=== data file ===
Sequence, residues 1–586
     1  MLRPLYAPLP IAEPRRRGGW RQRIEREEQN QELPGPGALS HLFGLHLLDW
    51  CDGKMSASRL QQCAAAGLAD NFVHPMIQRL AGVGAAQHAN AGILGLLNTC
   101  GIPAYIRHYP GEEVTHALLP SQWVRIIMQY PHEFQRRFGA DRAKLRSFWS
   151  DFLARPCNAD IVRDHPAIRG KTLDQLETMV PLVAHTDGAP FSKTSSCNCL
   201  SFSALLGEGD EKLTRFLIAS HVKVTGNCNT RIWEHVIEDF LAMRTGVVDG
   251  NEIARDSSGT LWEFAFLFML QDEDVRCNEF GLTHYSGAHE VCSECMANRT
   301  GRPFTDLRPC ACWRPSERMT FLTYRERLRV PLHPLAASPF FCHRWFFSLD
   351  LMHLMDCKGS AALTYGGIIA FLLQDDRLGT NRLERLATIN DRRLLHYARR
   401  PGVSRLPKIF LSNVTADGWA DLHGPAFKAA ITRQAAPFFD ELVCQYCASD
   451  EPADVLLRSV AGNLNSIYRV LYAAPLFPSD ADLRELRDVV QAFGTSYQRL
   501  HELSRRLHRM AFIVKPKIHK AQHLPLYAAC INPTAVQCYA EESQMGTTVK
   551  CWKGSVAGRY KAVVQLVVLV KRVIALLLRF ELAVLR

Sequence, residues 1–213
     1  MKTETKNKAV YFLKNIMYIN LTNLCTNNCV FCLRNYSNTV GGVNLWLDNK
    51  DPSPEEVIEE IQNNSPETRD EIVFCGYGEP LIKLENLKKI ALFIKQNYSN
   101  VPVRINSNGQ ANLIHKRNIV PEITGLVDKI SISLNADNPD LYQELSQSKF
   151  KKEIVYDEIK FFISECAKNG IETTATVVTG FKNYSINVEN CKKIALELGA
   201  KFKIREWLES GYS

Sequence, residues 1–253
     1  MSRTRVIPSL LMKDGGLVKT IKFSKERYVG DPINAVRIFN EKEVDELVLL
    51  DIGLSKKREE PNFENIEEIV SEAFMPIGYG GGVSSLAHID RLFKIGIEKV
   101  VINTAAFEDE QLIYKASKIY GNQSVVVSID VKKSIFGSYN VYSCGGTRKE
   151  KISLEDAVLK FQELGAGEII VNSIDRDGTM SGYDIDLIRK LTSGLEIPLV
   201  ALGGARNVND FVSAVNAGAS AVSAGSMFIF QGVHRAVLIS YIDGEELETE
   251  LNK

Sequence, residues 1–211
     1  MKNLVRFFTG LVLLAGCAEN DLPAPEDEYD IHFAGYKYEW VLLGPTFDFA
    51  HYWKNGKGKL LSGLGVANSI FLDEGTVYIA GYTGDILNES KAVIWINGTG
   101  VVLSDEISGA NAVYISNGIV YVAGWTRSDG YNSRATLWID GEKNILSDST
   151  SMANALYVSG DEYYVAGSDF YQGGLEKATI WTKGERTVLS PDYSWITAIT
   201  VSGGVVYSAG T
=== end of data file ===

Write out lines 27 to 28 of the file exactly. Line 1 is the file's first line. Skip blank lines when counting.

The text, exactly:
Sequence, residues 1–211
     1  MKNLVRFFTG LVLLAGCAEN DLPAPEDEYD IHFAGYKYEW VLLGPTFDFA